- CBI does not list Chief Minister Chouhan in chargesheet in Vyapam scam
- Pen drive that Congress submitted had doctored files: CBI
- Files were tampered with to add "CM" to indict Chouhan, says CBI
But now, the country's top investigating agency has said in court that computer files submitted by the opposition Congress were manipulated in an attempt to indict Mr Chouhan.
"I was clean, so a clean chit to me was obvious; people working in public life should not level false allegations against an opponent just for the sake of defaming, allegations must be based on facts," said Mr Chouhan today.
Vyapam (an acronym) refers to the qualifying exam taken by lakhs of candidates for jobs as government teachers, doctors and policemen. Lakhs of candidates allegedly paid bribes to manipulate the exam process, including hiring proxies to take the test for them. After the first alert of a scam was sounded in 2009 by a state lawmaker, at least 35 people linked to the scandal or its investigation were dead by 2012; evidence, the opposition claims, of a sinister and deep-rooted cover-up.
The CBI says that the computer files submitted on a pen drive by the Congress were doctored to add the letters "CM" (for Chief Minister) after the party got access to them.
Three hard disks and two pen drives were sent to a state-run forensic laboratory in Hyderabad. They included a drive given by the Congress, which claims its contents are original and untouched, and those seized in 2013 from a senior official who helped administer the exam.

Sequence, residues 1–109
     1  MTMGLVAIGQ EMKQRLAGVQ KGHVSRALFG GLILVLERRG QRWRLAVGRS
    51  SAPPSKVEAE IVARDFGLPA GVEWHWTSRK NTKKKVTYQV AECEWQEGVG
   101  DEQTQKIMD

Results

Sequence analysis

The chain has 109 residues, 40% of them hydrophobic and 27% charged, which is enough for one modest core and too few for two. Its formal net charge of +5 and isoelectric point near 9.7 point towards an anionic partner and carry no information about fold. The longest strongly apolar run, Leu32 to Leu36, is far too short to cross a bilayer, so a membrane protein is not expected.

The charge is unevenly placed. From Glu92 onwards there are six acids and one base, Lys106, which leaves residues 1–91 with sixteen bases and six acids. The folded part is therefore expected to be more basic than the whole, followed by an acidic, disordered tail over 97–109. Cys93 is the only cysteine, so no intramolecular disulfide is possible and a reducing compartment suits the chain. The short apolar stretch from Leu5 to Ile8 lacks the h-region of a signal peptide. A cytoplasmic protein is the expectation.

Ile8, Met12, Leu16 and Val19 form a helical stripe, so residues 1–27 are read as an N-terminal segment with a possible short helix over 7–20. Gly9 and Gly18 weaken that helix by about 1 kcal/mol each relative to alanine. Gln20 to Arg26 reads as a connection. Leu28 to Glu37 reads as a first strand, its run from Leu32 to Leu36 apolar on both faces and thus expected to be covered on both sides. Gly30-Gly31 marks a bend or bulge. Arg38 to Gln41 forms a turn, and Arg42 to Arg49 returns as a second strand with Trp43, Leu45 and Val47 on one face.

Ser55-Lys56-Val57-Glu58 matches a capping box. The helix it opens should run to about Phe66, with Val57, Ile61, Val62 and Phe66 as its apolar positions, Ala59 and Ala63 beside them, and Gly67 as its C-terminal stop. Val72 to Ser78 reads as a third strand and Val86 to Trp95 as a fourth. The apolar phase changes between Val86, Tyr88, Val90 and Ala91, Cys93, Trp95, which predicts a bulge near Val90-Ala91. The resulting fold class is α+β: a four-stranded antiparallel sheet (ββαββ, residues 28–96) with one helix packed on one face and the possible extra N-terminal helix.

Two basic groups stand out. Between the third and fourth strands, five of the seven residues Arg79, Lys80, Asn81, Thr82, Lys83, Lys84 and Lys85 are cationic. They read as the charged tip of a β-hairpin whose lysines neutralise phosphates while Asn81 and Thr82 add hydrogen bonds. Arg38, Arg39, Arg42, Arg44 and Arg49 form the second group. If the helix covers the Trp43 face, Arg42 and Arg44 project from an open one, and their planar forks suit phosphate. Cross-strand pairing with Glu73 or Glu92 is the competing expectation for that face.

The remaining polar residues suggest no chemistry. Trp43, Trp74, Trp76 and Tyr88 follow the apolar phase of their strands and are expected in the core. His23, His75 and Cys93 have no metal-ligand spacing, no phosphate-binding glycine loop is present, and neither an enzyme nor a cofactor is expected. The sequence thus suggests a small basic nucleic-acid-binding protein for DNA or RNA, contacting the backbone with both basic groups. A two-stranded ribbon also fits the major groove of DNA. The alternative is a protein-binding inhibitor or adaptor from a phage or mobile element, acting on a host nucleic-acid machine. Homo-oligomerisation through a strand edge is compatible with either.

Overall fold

Mr Singh, a former Chief Minister of Madhya Pradesh, claims that various whistleblowers shared computer records with them to help expose the systemic corruption and that the computer files submitted by the CBI were tampered with -- to delete the references to "CM".
One of these whistleblowers, Dr Anand Rai, today said that "an independent agency" -- a private forensic lab located in Hyderabad -- confirmed that it was the files submitted by the CBI that were manipulated.
However, the CBI says that the objections of the whistleblowers and the Congress are baseless and that the privately-run Truth Labs has not delivered a report that indicts the agency for trying to protect the Chief Minister.
Nearly 500 people -- many of them government officials and students and imposters who posed as students to take the entrance exam in 2013 -- have been accused by the CBI of colluding in the scandal in a chargesheet presented yesterday in court. The Chief Minister is not among them.